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A Report From Japan From Shin Miyata on Earthquakes & Music

Posted by Gomez Comes Alive!, March 15, 2011 10:49pm | Post a Comment
Shin Miyata
Shin Miyata and I have been friends for over ten years. He owns a record company called Music Camp Inc, which distributes such labels as Six Degrees and Nacional Records in Japan. But if you ask him, his true love is his own subsidiary label called Barrio Gold, dedicated to reissues of classic Chicano Rock and Soul artists as well as new Chicano artists coming out of the barrios of East L.A, San Francisco and Texas. Back in 2006, I was fortunate to go on package tour dedicated to promoting Chicano culture in Japan with the band Quetzal and writer Luis Rodriguez, author of the infamous book Always Running. It was an honor and something I’ll never forget. When Shin visits L.A., its always a great time. It’s about seeing lots of great music, going to his favorite Mexican and Japanese restaurants, having a few drinks and digging for vinyl. Truly, a man after my own heart!

Naturally, after the earthquake and tsunami hit, I contacted Shin. Even though he lives on the outskirts of Tokyo and far from the damage of the north, I was still concerned about my friend’s wellbeing, as are many of his friends across the U.S. All those horrible images on the news and the threat of nuclear fallout doesn’t help, either. After e-mailing back and forth over the last couple of days. I asked him if he wanted to do a quick interview just to let some of his friends know how he is doing. I thank Shin for taking time to do this in a very difficult time for him and all of Japan.

So where were you when the earthquake hit?


I was at the train station, just about to get on a train to get to work. The train started to sway, so I rushed to get out because the station is currently under construction. It was really scary. Once I got out of the station, I realized that it was a big quake because there were so many people out of the buildings and out in the street. I did not get hurt and no one got hurt around me. After the quake, all the trains were shut down. I went back home and rode my bike to my office to see if there was any damage.
 
What were your thoughts when it was happening?


I thought to myself that this must be the big one, the one that [was] expected to hit Tokyo for some time.

When did you become aware of the damage that happened in the northern part of Japan? Do you have any ties to that region?

I didn’t realize how dire the situation was until I returned home and watched the news. There was a live satellite feed from the coast that was near the quake’s epicenter. The news showed an unbelievable big wave that rushed the port. Some of my friends are from that region. It took one friend a few days just to find out that his family was safe.

What was the damage to your business and home?


My home was fine. My CDs and books fell from the shelves, but nothing major.

How often are the rolling blackouts? How has business been affected by the earthquake & tsunami? Are people panicking about the fate of the nuclear power plants?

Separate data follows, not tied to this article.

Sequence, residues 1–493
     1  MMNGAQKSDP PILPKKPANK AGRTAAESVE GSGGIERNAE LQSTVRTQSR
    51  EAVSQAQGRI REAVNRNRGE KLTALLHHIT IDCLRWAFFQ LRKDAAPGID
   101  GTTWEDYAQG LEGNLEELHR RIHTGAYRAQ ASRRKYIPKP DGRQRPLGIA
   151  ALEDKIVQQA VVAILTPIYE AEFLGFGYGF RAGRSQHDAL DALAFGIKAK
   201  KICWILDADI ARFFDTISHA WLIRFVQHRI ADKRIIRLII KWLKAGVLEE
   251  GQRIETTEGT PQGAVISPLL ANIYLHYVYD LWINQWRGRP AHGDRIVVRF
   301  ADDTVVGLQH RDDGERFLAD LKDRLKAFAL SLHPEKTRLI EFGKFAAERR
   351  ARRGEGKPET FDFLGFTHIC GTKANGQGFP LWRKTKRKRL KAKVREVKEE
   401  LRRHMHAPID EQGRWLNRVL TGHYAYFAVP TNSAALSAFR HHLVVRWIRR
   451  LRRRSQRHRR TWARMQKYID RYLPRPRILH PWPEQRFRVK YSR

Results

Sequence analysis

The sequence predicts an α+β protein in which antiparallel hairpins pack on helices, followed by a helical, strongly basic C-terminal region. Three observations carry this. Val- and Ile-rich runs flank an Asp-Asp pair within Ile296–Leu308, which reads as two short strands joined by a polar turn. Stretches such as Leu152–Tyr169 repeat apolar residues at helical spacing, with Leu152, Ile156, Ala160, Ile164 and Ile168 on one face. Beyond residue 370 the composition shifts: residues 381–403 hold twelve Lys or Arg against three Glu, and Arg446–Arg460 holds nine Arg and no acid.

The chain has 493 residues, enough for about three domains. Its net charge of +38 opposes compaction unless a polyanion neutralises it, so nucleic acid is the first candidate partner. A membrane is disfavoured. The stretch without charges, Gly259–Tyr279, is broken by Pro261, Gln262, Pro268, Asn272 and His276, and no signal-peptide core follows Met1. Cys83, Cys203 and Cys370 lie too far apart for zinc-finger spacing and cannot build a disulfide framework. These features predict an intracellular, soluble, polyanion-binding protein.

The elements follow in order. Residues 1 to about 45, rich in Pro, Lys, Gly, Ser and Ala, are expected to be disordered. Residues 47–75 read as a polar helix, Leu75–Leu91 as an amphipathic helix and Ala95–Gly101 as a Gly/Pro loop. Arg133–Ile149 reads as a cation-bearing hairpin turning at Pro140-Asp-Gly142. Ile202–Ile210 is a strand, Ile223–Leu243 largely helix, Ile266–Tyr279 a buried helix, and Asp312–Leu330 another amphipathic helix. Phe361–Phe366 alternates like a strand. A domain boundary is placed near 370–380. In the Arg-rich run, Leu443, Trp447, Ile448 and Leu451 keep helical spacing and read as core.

Ruben Guevara Tao Of Funkahuatl All business is slow, due to all the trouble from the nuclear plants. The power company started rolling blackouts in the greater Tokyo area, section by section. It affects the transportation system and many offices and stores have closed down since employees cannot get into town. We do not complain because we know it's helping people in the damaged areas. Today we went home earlier because a blackout was scheduled for our area, but it was canceled. Of course, they announced it after the time it was supposed to start! We are forced to cut down electric usage, so now is not the right time for entertainment. The group Los Amigos Invisibles, which my company distributes in Japan, was supposed to perform in Japan this week. They were booked for an event in Tokyo, but  it was cancelled. Also, this week we are releasing two titles: Legendary East L.A. soul singer Ruben Guevara and Turkish belly dance/dub group Baba Zula. We are just trying to keep our business going.

We just had another aftershock two hours ago. It was happened in nearby Mt. Fuji [which] is very far from the northern area, but it shook Tokyo hard. I woke up from a nap and ran to the nearest escape just in case. The aftershocks continue and there are so many of them. People are starting to get used to it.

The tremendous damage caused by the earthquake and Tsunami, followed by the fear of the nuclear fallout are getting people real nervous. People are panicking a bit. People are running to get food and gas. There was a big line of housewives around the bakeries and supermarket this morning.
 Ismael Quintana
What do you think is next for you and for the country of Japan?

I do not know yet, but I hope this tragedy will change our society both spiritually and financially. Mostly I think that people need to establish a new social and business system independent from nuclear power. It will be a main theme, I think. Even people in Japan not in northern region are exhausted by this situation. I realized how much of our lives are full of joy and peace. 

Is there any music you are listening that helps you forget about everything going on around you?


Yes. Last night I got two 7-inch singles from the USA in the mail. One is by Hank Crawford on CTI label and the other is by Ismael Quintana accompanied by Eddie Palmieri on the Coco label! Both are so good, and it helps me to forget this crisis. But again, it is not the right time to use electric power. But I think that God will forgive me for playing just two singles!

Again, people are really frustrated by this chaos. Music is a necessity to get out from this reality. People in Califas, Pray and Play for us!

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Earthquakes (2), Chicano (17), Japan (37), World Music (117)